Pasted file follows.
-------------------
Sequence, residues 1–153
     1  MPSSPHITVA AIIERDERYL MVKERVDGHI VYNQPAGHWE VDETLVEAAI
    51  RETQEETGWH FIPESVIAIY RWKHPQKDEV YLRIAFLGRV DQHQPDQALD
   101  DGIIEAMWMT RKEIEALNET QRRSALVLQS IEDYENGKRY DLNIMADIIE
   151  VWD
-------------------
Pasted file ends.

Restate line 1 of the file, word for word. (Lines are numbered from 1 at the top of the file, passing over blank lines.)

Sequence, residues 1–153